Using Melon to Keep Slugs Away: 3 Quick Ways to Keep Them Away


The benefits of melon for the body need no introduction – but what if this fruit was also the solution to your parasite problem?

If you wonder how to get rid of slugs, then you just might find the solution with this safe, sustainable and fully expert-approved organic method. And this natural garden idea Couldn’t come at a better time.

While slugs can cause damage to a variety of plants throughout the year, new herbaceous plant growth in the spring is most at risk, according to the right. So if you need a quick fix at the height of the season, using melon to deter slugs might be what you need.

Using Melon to Deter Slugs – 3 Steps to Quick Success

How to get rid of slugs

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“Slugs cause a lot of problems in the garden by eating everything from leaves and stems to bulbs and flowers,” explain the experts at The greenhouse people.

To minimize the damage, they suggest turning to homemade traps that will naturally protect your plants and vegetables. Here’s what the process entails.

1. Remove the fruit to create an empty shell

Melon cut in half

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According to The Greenhouse People, you should start by cutting the melon in half before edging out the main fruit. This will leave you with melon rind, but you can enjoy the fruit in the process. At the end of this step, you should end up with something that looks like a bowl. You should create as many as you think you need to deter pests in the problem area.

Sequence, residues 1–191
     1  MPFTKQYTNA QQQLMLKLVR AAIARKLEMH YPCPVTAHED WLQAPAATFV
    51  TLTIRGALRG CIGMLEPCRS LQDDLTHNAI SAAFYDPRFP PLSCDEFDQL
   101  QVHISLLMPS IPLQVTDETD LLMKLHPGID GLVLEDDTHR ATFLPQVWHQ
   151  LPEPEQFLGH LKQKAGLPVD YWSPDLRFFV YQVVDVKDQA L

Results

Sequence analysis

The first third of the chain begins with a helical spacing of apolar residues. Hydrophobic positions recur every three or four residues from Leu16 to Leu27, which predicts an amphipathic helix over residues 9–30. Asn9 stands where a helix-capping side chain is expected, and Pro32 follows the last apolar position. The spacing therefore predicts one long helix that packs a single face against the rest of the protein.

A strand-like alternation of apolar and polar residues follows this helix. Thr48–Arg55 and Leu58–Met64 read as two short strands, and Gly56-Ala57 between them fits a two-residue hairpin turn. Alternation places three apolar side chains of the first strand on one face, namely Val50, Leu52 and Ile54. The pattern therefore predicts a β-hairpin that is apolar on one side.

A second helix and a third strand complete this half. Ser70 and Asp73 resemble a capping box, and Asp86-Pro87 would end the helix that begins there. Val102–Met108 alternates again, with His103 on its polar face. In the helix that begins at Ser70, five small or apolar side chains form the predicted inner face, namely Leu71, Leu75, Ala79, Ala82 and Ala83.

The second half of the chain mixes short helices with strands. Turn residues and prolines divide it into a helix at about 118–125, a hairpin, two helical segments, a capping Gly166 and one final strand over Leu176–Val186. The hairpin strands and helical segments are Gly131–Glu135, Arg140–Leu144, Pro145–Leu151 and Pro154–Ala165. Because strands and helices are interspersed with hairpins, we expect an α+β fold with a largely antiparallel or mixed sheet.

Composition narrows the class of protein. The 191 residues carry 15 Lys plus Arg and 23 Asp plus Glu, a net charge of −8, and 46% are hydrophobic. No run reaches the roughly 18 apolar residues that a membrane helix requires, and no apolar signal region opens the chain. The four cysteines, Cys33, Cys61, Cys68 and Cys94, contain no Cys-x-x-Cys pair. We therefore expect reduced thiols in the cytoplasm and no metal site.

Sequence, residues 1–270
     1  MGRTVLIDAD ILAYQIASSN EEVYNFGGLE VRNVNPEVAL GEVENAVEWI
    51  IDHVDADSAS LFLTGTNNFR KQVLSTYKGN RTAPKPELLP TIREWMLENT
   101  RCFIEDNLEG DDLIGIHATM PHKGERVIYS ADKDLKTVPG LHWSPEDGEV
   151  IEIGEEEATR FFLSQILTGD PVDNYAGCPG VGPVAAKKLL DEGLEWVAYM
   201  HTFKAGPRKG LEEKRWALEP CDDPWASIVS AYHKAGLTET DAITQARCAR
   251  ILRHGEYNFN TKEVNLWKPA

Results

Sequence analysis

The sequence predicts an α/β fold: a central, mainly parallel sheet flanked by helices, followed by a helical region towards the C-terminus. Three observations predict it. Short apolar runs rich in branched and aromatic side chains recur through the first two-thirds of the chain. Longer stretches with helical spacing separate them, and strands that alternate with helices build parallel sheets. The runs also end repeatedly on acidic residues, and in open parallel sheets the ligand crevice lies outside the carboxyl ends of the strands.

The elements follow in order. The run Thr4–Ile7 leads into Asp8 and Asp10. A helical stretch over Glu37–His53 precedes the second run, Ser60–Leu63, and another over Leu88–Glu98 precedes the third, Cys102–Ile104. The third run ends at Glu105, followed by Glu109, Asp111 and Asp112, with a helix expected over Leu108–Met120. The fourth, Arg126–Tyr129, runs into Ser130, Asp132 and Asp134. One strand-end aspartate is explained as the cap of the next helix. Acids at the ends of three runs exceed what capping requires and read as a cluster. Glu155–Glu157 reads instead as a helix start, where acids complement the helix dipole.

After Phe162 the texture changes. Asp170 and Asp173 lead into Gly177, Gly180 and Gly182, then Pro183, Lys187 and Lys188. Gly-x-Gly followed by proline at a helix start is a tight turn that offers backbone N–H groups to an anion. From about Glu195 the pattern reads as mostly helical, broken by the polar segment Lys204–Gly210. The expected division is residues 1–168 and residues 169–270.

2. Place melon bowls around your garden

Melon cut in half

(Image credit: Getty Images)

The express recommends placing your melon bowls around the edge of garden beds before digging deeper into the ground for the slugs to fall into.

“The slugs will be attracted to the sweet melon and will gorge on the fruit,” they say. The parasites will probably eat so much that they can’t get out of the bowl.

3. Pick up your traps

Melon cut in half

(Image credit: Getty Images)

Gardeners at The Greenhouse People recommend leaving your traps overnight before checking for results in the morning. If the trap worked, you can throw the barks and slugs together.

And if you’re not a melon lover, there are other fruity alternatives that have just as much of an impact on protecting your skin. vegetable garden ideas of the pest. “Cantaloupe melon and oranges all make perfect slug traps,” they add.

Now you have another reason to add this fruit to your cart the next time you’re at the market.


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